Mark said they estimate someone with average mechanical aptitude will need only 300 hours to assemble the kit. A customer who has built any kit previously could possibly assemble G1 in significantly less time, Mark believes.
Use of match-hole construction makes it far more builder-friendly. Wings and fuselage comes significantly assembled with a minimum number of rivets already in place to keep the skins where they belong. Builders earn their 51% contribution by pulling a lot of rivets (among other duties). A hydraulic pulling tool — available for around $100 — would be a smart investment, saving not only your wrist muscles but also more consistently pulling rivets. “Match-hole,” for those that don’t know, means that CNC equipment has punched rivet holes in the right places so precisely that a user a builder can literally take a bag full of clecos, join the skins more firmly, and start riveting.
G1’s fuselage construction further sets it off from others. You may recall that a CH-701 has a rather boxy fuselage. This is probably easy for homebuilders but lacks the smooth appearance G1 shows with its gently curved corners. As the nearby image shows, this is possible again due to CNC, match-hole, and the factory using their jigs to get most parts already in the right place.
In addition to riveting, plumbing, electrical and other other construction steps, a primary task for the builder is to join the wings to the fuselage, a step of some precision to get the dihedral right, and to assure the wing-join mechanisms work to facilitate folding the wings.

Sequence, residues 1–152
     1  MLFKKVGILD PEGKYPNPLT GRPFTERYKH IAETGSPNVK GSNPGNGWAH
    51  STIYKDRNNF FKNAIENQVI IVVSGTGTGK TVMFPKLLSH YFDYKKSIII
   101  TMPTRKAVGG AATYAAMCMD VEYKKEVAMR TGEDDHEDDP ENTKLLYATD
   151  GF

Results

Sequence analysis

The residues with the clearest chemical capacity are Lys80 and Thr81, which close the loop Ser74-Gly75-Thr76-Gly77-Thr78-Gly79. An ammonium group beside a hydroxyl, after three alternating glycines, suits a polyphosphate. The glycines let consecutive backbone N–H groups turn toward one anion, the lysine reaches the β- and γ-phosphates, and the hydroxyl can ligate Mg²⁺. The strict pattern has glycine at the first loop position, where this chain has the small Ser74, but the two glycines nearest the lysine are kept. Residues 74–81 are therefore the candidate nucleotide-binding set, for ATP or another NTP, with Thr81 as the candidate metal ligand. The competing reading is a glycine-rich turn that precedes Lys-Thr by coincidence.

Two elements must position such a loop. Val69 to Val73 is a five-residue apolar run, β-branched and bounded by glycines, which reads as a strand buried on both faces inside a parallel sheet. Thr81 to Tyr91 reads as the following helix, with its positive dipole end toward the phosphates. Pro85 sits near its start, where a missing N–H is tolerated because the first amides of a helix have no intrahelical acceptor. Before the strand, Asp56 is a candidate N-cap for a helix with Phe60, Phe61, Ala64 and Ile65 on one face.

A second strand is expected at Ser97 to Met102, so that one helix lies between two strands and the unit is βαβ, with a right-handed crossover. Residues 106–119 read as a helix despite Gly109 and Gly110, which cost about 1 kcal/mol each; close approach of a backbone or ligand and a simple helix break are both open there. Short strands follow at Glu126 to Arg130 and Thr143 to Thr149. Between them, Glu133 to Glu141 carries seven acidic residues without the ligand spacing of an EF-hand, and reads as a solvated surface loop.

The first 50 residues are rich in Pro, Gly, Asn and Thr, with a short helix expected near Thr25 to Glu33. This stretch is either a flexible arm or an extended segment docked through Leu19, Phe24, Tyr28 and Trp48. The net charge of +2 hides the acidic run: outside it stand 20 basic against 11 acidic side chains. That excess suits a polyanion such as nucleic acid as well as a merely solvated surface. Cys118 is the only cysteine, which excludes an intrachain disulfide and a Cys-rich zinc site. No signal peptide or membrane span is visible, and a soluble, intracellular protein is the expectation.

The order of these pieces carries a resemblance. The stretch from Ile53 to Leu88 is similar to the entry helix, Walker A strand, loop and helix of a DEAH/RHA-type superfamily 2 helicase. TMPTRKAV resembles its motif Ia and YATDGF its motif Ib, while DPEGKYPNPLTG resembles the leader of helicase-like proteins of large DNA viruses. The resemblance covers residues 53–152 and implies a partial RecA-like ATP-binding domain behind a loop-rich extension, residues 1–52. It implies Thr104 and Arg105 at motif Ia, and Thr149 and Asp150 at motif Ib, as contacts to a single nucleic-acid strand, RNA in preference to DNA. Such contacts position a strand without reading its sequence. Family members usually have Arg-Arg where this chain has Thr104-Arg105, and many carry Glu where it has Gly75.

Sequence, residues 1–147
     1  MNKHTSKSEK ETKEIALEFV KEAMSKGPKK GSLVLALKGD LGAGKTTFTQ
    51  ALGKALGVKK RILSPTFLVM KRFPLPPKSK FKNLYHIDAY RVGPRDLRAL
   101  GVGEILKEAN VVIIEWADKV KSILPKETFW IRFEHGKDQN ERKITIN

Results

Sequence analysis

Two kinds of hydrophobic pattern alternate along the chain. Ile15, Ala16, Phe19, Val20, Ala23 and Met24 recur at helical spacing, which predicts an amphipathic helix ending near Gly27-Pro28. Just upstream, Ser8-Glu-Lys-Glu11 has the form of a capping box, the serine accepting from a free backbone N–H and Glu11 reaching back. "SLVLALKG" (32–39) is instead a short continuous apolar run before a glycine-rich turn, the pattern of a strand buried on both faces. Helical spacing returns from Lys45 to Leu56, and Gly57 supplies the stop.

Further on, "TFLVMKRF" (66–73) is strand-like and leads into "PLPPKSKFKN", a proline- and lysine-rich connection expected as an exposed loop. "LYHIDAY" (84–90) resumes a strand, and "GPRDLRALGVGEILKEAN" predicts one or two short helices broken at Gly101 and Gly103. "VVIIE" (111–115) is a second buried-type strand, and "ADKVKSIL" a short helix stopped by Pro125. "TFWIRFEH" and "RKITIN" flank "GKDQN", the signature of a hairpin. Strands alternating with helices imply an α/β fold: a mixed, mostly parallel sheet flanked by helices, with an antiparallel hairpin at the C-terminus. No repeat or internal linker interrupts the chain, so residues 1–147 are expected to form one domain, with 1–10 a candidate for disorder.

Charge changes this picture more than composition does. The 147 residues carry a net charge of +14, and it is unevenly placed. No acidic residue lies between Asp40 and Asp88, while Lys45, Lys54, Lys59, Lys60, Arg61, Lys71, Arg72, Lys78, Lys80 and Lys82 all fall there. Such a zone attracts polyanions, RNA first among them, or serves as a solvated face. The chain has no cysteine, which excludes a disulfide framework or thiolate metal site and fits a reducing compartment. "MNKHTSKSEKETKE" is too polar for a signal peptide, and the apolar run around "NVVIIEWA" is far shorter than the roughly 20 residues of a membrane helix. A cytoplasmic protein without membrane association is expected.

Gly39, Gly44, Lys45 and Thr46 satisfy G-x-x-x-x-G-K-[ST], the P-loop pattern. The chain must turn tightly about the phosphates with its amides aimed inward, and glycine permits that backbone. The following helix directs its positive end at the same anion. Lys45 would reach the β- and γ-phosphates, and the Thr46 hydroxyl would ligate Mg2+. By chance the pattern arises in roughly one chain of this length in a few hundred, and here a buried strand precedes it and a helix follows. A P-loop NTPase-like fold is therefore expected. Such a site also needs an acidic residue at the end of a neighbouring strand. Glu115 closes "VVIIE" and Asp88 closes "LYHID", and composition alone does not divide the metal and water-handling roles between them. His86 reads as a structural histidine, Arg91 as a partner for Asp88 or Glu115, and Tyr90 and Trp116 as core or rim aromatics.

Not only does G1 have a folding wing mechanism, but I found it unique. Again, nearby images will show the base of the wing struts are arranged in such a way to allow the wing to pivot from the middle rather than the trailing edge, as is common in designs like Kitfox, for example.
When I looked at G1’s wing fold, I couldn’t quite envision how it worked until Mark explained that the flaps and ailerons are also designed to flip up over the wing such that when you fold the wings they actually cover a portion of the fuselage, keeping the width within the 8 feet that is needed to trailer this on most roadways. Linkages stay connected. It’s a pretty slick method and one that shows this is not a copy of the CH-750. Find more comparisons here.
A fourth interesting aspect of the design is its fold-forward control sticks. They move together and have no pins or levers. You merely push the joystick forward to the floor. When doing so, you’ll feel the over-center design that holds it flat to the flow, greatly easing cockpit entry. Once in, just pull it aft and prepare to taxi.
In summer 2021, he G1 kit sells for $39,500 and a build-center-assist ready-to-fly model can get airborne for $79,500, depending on equipment an owner wants and the level of finish desired.
A video to follow will show all these features in more detail as Mark Mellicker will provide additional information.
The following talk, given on September 10, 2021 at Mt. Vernon, updates the latest we know (or think we know) about FAA’s MOSAIC regulation in progress. While all this could change due to the fluid nature of rule writing, this is the best information we have today. Note that this is a lengthy video.